In one of my workshops, a mother summed up her childhood experience of sharing by saying: “Every time I got candy, I had to share it with my sister. Mom said it was nice to share, but I was sure it was bad because I was always left with half the candy.” Whether sharing food, toys, or the use of the slide, the result of adult-directed sharing often leaves a child with a sense of loss or a diminished experience — and not with joy. Children’s authentic generosity shows up in areas that we often don’t notice or don’t approve of. They assume that guests can stay forever and don’t see why they should leave and they see food in every home as their own. They share clothes and beds easily; they love giving gifts, hugs, and love.
Children are generous, and they also like to keep certain personal things and experiences to themselves, just like adults. Therefore, I use the word “sharing” to describe what adults wish that children would share.
There are children, like your neighbor, who seem happy to share toys or food with another child. This can shake your confidence in yourself as a parent. However,…
you did nothing wrong. With rare exceptions, children who share everything “happily” are doing so to please their parents and live up to expectations. The mother who recalled hating to share never told her parents how she felt. When sharing her candy, she was feeling intimidated, and not generous, while the adults around her saw her as loving to share.
We Don’t Share, So Why Should They?
It does not take long for children to discover the cultural code “I am what I have” and “No one should take what is mine.” This lesson is spelled out everywhere: the clothes we wear, the cars we drive, the homes we dwell in, and the financial intent behind so many of our actions. When someone touches our car, it honks. The police come if someone tries to take our money or take anything from our home. We sign fat piles of papers to prove this house is mine, not yours, and we are devoted to protecting our possessions.
We live in a society in which we are defined by what we own and we don’t often share it or we share it only within our own family and community and based on our personal choices. Owning gives us power; it is up to us who to give to. Likewise, children want to choose freely what, when, and with whom to share, based on their evolving sense of identity as related to owning. You would do better to respect your child’s preference to share or to keep things to herself. The ability to give up something for the sake of somebody else is not yet developed in a child, and it won’t develop by being coerced into it.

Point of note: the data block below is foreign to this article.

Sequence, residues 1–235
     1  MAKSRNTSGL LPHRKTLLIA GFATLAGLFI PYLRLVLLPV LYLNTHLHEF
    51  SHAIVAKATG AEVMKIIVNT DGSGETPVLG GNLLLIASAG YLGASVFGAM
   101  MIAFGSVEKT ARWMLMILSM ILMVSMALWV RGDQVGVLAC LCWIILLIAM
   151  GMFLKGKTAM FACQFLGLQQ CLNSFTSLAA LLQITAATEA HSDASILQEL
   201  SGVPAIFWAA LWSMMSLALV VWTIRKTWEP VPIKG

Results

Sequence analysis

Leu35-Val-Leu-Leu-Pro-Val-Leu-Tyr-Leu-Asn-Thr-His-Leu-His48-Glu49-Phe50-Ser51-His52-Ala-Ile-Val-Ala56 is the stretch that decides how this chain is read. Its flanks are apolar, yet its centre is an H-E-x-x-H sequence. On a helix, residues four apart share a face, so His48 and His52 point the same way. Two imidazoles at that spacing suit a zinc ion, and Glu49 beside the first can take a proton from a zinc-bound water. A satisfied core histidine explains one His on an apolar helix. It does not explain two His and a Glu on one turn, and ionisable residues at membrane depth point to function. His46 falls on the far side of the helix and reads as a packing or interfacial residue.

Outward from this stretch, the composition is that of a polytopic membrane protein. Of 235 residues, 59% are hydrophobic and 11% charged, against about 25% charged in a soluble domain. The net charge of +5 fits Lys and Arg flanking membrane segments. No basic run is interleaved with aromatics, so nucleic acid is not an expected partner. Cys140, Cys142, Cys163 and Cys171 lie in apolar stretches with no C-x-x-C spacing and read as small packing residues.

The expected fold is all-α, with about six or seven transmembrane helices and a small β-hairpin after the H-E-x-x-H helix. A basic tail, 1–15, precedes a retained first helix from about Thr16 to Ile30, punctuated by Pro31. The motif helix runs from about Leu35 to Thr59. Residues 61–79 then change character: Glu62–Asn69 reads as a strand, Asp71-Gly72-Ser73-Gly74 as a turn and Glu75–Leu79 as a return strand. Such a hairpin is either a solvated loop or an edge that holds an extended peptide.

Keep in mind that the child is learning from our ways, not from what we say. Therefore, “share with your cousin” teaches two things:
1. Tell others what to do regardless of what they feel and need. (You are telling your child.)
2. Ignore your own preferences and follow instructions.
How to Respond
These qualities are not what you wish for her to learn if you want her to be confident and authentic. Causing a child to do things she is not ready to do of her own volition does not get her there sooner. On the contrary, she might cling and yearn for what she missed for much longer while being confused and inauthentic. Therefore, when a child has a need to own and keep things to herself, it is best to trust that this stage is vital for her growth. Instead of pushing your child ahead of her readiness, protect her dignity. Your generous trust and support of her choices will provide her with the ground on which the joy of sharing grows.
Before friends come to play, ask and listen to your child’s needs regarding her toys and help her put away toys she would rather not share. She may want to share some things on her terms; discuss with her how this would work. You can also make a generous offer:” Would you like me to buy another box of legos for use with guests?” When friends arrive, respect your child’s choices. To the question, “How come Lily doesn’t share her bike?” you can respond with, “It must be very important to her. I can see how much you like it, yet we are going to respect her choice.” Provide empathy and information about available toys, while trusting the visiting child to resolve her own dilemma. If she is expected to share in her own home, your words could validate her unexpressed need to protect her possessions.
As for food, it is easiest to offer generous quantities that allow everyone unlimited amounts. However, when given the treat to share with a few, children often divide things fairly. What’s unfair is to give one child a candy and then expect him to give part of it up. If a child receives a treat at a party that her sibling did not attend, she needs not to share it unless she chooses to do so of her own free will. You can offer something else to her sibling or, in the absence of a treat, give empathy. There is no need to save children from experiencing living with others, only to respond with compassion.
It is possible to raise children with reduced emotional charge in regard to ownership. Buy fewer things and declare that things belong to the family rather than to an individual. Ask family and friends to express their love with quality time, rather than material goods, and do the same yourself. In addition, avoid using “it’s mine” or “it’s his” as a reason why the child cannot have it. Instead, focus on the nature of the item: “It can break,” “It isn’t safe,” etc.
Notice how you teach not to share and change it in you. Your child will then have a teacher of generosity.
©Copyright Naomi Aldort